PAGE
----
Astrobotic Unveils New Lunar Lander, Partners with Airbus & DHL

Peregrine lunar lander (Credit: Astrobotic)
Peregrine lunar lander (Credit: Astrobotic)
  • DHL to manage logistics along the entire supply chain
  • Airbus Defence and Space to contribute engineering support for lander design
  • Astrobotic unveils new peregrine lunar lander

BERLIN (DHL PR) — Astrobotic, which is building a service to make the Moon accessible to the world, today announces that DHL and Airbus Defence and Space are supporting Astrobotic to develop its lunar payload delivery service.

Deutsche Post DHL Group will become the “Official Logistics Provider for Astrobotic’s First Mission to the Moon.” DHL will provide logistics services for Astrobotic’s spacecraft and its customer payloads, making sure that all materials for the new lunar lander as well as the ‘space freight’ will arrive safe and on time to begin their journey to the Moon.

“DHL has a proud history of connecting its customers to the world. Moon exploration is also a theme that has a special historical significance for us – DHL was founded in 1969, the year of the first moon landing. Today, we are excited to be embarking upon this incredible venture into the next era of logistics – beyond Earth and to the Moon. Having played a pioneering role in logistics for many years, we are looking forward to partnering with Astrobotic to open a new frontier in space, and to further developing lunar logistics in the future,” said Arjan Sissing, Senior Vice President, Global Brand Marketing, Deutsche Post DHL Group.

Airbus Defence and Space, the world’s second largest space company, will contribute initial engineering support to Astrobotic through a Memorandum of Understanding, as the company advances its lunar lander design to a preliminary design review. Airbus Defence and Space brings world-class spacecraft experience in human spaceflight and exploration and leverages previous lander development work with the European Space Agency.

DHL will provide logistics services for Astrobotic’s spacecraft

“Airbus Defence and Space clearly regards Astrobotic as the front runner in commercial lunar transportation services. With our signed Memorandum of Understanding we have now the opportunity to assess options to further strengthen this cooperation and to become a true partner in the global endeavor to provide a commercial gateway to the moon”, remarked Bart Reijnen, Senior Vice President of On-Orbit Services & Exploration.

Together, this team will advance the technical maturity of the new “Peregrine” Lunar Lander towards the next big development milestone. Peregrine builds on eight years of Astrobotic lunar lander development, and will carry Astrobotic’s first delivery of payloads to the lunar surface. Peregrine will fly as a secondary payload on its first mission, with the ability to fly Astrobotic’s future missions thereafter. Peregrine offers mission flexibility with a 30 to 265 kilogram payload capacity. This enables secondary flights on several different launch vehicles. The lander will be powered with an Aerojet Rocketdyne propulsion system featuring next generation space engine technology.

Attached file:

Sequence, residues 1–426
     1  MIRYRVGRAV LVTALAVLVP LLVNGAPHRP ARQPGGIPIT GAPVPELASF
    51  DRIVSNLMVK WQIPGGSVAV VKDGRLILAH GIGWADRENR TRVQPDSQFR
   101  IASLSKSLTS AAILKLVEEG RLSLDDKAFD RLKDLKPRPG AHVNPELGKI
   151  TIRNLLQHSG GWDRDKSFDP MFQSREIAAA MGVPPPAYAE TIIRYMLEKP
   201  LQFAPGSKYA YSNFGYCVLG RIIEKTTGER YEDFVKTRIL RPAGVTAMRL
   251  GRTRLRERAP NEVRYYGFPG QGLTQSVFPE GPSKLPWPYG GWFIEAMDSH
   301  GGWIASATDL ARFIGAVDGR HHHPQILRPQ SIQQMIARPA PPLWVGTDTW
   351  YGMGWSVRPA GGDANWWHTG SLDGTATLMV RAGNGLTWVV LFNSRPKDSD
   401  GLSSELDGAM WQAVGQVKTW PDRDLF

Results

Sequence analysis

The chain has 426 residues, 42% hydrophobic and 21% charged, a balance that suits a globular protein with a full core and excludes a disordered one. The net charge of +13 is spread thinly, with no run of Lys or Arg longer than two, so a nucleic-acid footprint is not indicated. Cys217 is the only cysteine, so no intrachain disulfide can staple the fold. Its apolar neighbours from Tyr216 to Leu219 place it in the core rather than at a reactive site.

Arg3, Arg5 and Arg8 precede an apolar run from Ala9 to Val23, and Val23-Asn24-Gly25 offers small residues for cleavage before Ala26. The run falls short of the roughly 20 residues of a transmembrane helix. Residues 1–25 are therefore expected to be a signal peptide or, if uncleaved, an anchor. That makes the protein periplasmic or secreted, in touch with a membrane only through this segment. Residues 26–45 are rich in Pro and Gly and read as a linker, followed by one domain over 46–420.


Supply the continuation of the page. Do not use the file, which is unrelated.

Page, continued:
These announced partnerships build on an already existing Astrobotic relationship with NASA, through the Lunar CATALYST Program. NASA Lunar CATALYST provides Astrobotic access to some of the best spacecraft engineers and facilities in the world, as part of NASA’s effort to encourage the development of U.S. commercial robotic lunar lander capabilities.

“Today’s announcement marks a new era in commercial lunar activity. With Airbus Defence and Space, DHL, Aerojet Rocketdyne and NASA, Astrobotic has built a team of legends. Make no mistake that Astrobotic has built a world-class team to make the Moon accessible to the world with the Peregrine Lander,” stated John Thornton, CEO of Astrobotic.

  • P.K. Sink

    That’s all very interesting. But can they afford to buy a launch? And can they afford a few failures?

  • Geoff T

    6 months to declare a launch contract, or else it becomes a two horse race between Moon Express and SpaceIL. Maybe Astrobiotic can conjur up a market beyong the GLXP though?

  • ThomasLMatula

    On a related note today is the 50th Anniversary of Surveyor landing on the Moon. It will be interesting to see if the Google Lunar X-Prize will generate the same interest.

  • ThomasLMatula

    That has always been the barrier, raising enough for a launch vehicle. The rest, a lander and rover, are within the realm of the prize costing less to that amount to develop and build. But the launch is the $50 million to $100 million barrier.

  • P.K. Sink

    The only way that I can see this contest kickstarting a Lunar industry, is if Google were to buy a bunch of flights on previously flown Falcons, and offer rides to the qualified contestants.

  • P.K. Sink

    They’re sure trying like hell to do just that.

  • ThomasLMatula

    I agree. It’s a pity Google decided to go with the gimmick of a prize instead of simply funding a firm to put a rover on the Moon for them. If they had it would have been done many years ago.